In Bakke v Regents of the University of California, we have a landmark reverse discrimination case that influenced education as a whole. Bakke was rejected from graduate school even though he had superior scores than many of the African-American applicants who were admitted. Bakke challenged the University of California and overturned the quota system that had been established in public universities across the nation. The University of California held on to the belief that black people should have access to black doctors. However, if the University were to go on a sole merit system then the number of special admittees would diminish along with the aforementioned belief. This belief was quickly altered by the Supreme Court with their decision against the University.
The Court’s understand group rights and they address the individual rights through these group rights. Unfortunately the Supreme Court feels a necessity to answer individual questions by addressing entire groups. Everybody has needs and wants however, it is almost impossible to take each individual and create different criteria for them because the situation is a little different then situations that preceded it. Brown was addressed to a group to answer questions to a whole nation. Each case is the same in that every outcome has addressed an audience that fits the general mold that has been created in that particular case. The opinion of the Supreme Court has established an outline that serves as a guideline for lower courts. The opinion is recognized as the law of the land. That is the reason that the opinion of the Court must be directed towards a group when deciding a case. The case will be referred upon as actual law and must fit a broad group of people.
When Brown was decided Pandora’s Box was opened. Many trials have taken place that would not have if that case had been decided differently. With Plessy the opinion of the Court was very clear, you could almost say it was black and white. After Brown was decided, many questions were yet to be answered. Many random questions about the limits of the opinion were going to be exasperated. With every decision by the Supreme Court, Pandora’s box begins to close a little more each time.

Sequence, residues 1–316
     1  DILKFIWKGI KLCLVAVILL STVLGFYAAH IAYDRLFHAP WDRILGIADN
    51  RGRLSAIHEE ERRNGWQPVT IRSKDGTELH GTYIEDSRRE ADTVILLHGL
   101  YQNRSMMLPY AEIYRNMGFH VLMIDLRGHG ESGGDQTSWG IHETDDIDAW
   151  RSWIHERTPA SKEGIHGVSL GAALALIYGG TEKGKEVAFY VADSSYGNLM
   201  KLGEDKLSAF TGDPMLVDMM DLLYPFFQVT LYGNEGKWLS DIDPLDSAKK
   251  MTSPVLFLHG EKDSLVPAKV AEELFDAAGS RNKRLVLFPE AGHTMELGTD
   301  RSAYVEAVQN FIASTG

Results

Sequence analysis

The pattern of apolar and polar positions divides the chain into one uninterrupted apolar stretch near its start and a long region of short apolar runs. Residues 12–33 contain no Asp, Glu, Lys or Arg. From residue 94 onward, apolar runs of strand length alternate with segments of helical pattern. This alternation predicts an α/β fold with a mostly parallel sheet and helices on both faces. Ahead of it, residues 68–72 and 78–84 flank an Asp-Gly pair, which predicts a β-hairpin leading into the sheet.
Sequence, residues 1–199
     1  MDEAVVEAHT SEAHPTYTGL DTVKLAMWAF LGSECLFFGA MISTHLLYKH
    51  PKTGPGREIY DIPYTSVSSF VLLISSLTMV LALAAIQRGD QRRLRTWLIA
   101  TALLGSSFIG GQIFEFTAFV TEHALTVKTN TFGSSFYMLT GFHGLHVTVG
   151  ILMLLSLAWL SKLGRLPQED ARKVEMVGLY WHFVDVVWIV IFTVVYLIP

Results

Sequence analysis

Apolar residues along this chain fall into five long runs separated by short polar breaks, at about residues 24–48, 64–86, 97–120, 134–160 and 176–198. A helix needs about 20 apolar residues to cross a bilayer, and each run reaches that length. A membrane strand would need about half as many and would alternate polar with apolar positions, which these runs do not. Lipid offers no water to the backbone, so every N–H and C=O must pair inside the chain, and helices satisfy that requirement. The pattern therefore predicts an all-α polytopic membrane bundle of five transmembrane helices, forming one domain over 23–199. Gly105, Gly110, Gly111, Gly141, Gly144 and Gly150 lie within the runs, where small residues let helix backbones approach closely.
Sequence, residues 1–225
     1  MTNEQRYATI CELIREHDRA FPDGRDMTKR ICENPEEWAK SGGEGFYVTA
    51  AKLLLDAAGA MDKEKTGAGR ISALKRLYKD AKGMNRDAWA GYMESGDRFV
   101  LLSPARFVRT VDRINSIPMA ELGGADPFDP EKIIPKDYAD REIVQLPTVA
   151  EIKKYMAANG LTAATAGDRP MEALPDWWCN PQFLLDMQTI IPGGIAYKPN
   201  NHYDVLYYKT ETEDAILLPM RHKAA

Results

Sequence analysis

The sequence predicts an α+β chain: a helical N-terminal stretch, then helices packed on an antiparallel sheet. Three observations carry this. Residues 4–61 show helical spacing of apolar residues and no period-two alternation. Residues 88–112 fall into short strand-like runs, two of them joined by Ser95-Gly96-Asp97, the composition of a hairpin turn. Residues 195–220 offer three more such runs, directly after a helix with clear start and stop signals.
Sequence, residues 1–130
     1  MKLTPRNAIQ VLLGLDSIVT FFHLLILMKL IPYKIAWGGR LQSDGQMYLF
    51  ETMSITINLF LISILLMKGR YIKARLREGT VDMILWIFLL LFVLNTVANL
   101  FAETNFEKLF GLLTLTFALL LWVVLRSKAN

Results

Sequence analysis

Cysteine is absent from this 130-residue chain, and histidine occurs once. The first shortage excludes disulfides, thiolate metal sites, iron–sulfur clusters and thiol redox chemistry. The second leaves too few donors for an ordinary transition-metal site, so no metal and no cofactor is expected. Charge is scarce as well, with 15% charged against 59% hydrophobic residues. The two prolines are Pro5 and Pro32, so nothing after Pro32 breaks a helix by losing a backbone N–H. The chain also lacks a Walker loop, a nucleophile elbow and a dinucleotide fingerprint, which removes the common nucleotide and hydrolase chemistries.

Word Count: 1203
Plessy V. Ferguson Essay
“Our Constitution is color-blind, and neither knows nor tolerates classes among citizens.” Said Justice John Marshall Harlan in the case of Plessy v. Ferguson. (“Oyez, Oyez, Oh Yay!”) In 1890 Louisiana surprisingly got the ability to pass a law called the Separate Car Act that said that all railroad companies that carried passengers must provide separate but equal services for both white and non-white passengers. (“Landmark Cases”) The penalty for sitting in a white-designated railroad car when you were not of that ethnicity was a fine of twenty-five dollars or twenty days in jail. (“Landmark Cases”) There was a doctrine passed that everything was “separate but equal.” This doctrine was false however because in almost all situations the facilities were not as good for the blacks as the facilities used by the whites. This doctrine was not thrown into full force until after the court case “Plessy v. Ferguson.” (Wormer)
In 1883 the Supreme Court did not allow the 1875 Act to be passed because they believed that the 14th Amendment did not give congress the right to stop racial discrimination by individuals. People that were struggling with racial discrimination were to find help from their own states. Sadly, many of the states were going along with cases that agreed with the separation of different races. When the bill proposing separate cars for the railroads came to Louisiana in 1890 it was highly protested by the blacks living in that state. Unfortunately, the law was passed. After the Separate Car Act d a group of black citizens joined together and formed the “Citizens’ Committee to Test the Constitutionality of the Separate Car Law.” They hired a lawyer and on May 15, 1892 the State Supreme Court agreed that the law was unconstitutional. Excited, the members of this organization decided to test this theory by teaming up with the East Louisiana Railroad Company. (“Landmark Cases”)
On June 7, 1892, Homer Plessy, a thirty year-old shoemaker bought a first class ticket preparing to travel from New Orleans to Covington, Louisiana. Homer Plessy was something called a “Creole of Color” a phrase used to describe black people in New Orleans that trace their ancestry to the French, the Spanish and the Caribbean settlers. He had a very light colored skin tone and was only one eighth black. Even so, he was required by law to sit in the black section of the train. He boarded the train and sat in the “white” car. (Wormser) The conductor questioned him, and after refusing to move he was arrested and charged with not following state law. He went first to the Criminal District Court for the Parish of Orleans, and Tourgee, the hired lawyer, brought his case that the “separate but equal” rules were unconstitutional. Judge John H. Ferguson ruled against him, but that did not stop Homer Plessy. Instead, he applied to the State Supreme Court for the ability to go on to the United States Supreme Court. (Wormser)
By a seven to one vote the United...